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Media has a critical role in Sino-Japan relationship

Senior Chinese and Japanese media professionals aired their views on select topics during a two-day forum in Shanghai on Monday and Tuesday.

The forum was organized by the Information Office of the State Council and the executive commission for the media forum. About 40 media representatives from China and Japan participated. Dong Yunhu, minister of the Publicity Department of the CPC Shanghai Committee, and Zhang Ye, director of the International Liaison Office of the Information Office of the State Council, addressed the forum when it opened on Monday.

The forum this year, the 12th, focused on topics including media cooperation in furthering Sino-Japan ties, challenges and opportunities peculiar to an ageing society, science and technological innovation and talent cultivation, and the media’s role in helping young people from the two countries understand each other better.

The participants also visited Shanghai Jiao Tong University for a display showcasing technological innovations by the students. Japanese participants also paid a site visit to Jiading District to learn about scientific and technological innovation.

Peace and development

Addressing the forum, Ren Qian, deputy editor-in-chief of China Radio International, said responsible media should, acting from consideration of the general interests, regard peace and development as keynote in their reports. They should also focus on reports reflecting Sino-Japanese friendship. This could be facilitated by a greater exchange of journalists, and more attention to covering topics of interest to young people.

Aya Igarashi, editorial writer from The Yomiuri Shimbun, also cited the importance of the media in deepening mutual understanding. Akihiro Mikoda, executive commentator of the News Commentators Bureau of the General Broadcasting Administration of NHK, said media should not only report when some unusual event happens, but can also play a role in the absence of such events, for instance, by reporting the situation of elderly care in China, Chinese couples’ willingness to have a second child in the wake of the changed family planning policy, and similar daily life occurrences. Reports of daily life help strengthen the perception that the Chinese are people no different from Japanese.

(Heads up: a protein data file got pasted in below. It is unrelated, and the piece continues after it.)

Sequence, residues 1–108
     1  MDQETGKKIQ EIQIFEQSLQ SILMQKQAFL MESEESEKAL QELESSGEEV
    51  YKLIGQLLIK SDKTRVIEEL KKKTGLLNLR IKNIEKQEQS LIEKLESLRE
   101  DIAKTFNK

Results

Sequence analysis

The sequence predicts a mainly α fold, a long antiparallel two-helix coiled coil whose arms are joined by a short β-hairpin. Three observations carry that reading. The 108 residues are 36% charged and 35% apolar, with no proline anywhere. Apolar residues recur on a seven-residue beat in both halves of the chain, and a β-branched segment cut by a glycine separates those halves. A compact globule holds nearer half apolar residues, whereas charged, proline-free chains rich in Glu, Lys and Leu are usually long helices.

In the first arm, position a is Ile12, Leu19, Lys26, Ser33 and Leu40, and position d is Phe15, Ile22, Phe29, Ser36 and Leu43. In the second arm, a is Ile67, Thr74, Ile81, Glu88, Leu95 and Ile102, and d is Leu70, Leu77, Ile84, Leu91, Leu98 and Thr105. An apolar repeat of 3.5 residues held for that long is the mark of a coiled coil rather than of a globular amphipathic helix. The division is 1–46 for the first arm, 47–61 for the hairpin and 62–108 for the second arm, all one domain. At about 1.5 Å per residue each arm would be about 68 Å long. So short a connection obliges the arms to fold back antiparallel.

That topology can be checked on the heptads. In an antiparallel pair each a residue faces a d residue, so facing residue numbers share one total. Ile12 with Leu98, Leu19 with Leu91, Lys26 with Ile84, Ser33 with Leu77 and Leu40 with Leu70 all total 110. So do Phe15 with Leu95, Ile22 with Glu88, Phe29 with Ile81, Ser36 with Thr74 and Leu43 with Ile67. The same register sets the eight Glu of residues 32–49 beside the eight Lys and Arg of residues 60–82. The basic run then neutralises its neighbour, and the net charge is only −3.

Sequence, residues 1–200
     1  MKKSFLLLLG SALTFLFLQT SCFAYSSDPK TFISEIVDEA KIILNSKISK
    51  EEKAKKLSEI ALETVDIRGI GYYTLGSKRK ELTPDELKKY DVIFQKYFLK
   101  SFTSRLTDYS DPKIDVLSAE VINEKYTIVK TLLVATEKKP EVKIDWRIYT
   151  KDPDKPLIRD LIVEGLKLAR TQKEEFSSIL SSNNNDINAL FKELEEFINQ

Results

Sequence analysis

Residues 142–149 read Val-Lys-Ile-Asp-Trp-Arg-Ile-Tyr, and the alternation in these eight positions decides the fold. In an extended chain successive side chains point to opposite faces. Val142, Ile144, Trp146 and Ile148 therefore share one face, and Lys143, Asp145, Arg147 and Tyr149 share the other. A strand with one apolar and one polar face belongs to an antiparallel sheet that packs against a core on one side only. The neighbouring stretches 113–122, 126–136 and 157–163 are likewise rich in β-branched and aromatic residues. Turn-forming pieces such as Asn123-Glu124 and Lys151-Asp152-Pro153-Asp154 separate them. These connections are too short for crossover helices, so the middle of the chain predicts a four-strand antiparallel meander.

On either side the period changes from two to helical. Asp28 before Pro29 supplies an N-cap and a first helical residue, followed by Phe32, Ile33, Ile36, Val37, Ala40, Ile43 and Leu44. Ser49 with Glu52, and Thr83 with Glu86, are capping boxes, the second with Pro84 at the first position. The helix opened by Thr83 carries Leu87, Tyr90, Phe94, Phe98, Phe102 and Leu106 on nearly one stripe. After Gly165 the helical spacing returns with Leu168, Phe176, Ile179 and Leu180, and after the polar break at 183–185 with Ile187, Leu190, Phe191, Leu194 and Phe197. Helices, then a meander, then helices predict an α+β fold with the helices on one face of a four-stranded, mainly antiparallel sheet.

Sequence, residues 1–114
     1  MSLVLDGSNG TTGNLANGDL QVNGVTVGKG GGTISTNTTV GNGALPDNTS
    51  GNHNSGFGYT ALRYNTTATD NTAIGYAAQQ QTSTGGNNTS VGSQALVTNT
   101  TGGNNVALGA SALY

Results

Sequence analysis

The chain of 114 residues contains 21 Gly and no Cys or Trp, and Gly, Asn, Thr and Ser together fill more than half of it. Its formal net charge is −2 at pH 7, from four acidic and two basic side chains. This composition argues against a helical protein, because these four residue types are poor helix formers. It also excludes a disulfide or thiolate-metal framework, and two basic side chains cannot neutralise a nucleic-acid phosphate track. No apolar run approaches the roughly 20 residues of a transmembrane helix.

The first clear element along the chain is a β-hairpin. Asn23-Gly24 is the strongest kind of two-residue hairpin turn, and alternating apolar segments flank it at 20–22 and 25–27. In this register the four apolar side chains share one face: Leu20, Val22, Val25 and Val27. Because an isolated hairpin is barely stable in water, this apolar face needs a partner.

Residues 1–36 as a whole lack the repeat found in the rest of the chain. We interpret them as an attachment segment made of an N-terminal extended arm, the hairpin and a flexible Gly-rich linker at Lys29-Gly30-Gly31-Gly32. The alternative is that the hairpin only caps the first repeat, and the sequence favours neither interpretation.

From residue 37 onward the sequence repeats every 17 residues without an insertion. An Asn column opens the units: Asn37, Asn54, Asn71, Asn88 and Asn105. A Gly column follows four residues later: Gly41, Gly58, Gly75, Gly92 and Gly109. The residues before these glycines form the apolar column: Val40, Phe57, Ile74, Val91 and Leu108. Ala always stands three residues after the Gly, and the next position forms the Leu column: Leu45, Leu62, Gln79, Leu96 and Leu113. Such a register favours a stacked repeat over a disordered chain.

Chai Lu from the CCTV said CCTV had covered a great deal of Japan-related events, including the good order during the recent earthquakes, and the “suicide corps” during the Fukushima nuclear power plant accident. But during the five years since 2012, Sino-Japan relations have been short of satisfactory, with both the number of Japanese tourists and trade with Japan declining. The key is how media professionals should conduct themselves, so the relationship between China and Japan can improve.

Tomisaka Satoshi, professor at the Institute of World Studies, Takushoku University, who attended the forum for the 9th time this year, said journalists are responsible for the current bilateral relations. While Japanese media operates at the dictum of market principles, media professionals should not act without a sense of conscience.

Wang Xiaohui, editor in chief of china.org.cn, also drew attention to the importance of objective reporting, and motivation, adding more attention should be paid to young people and new media, as more and more young people now rely on smartphones for information.


 

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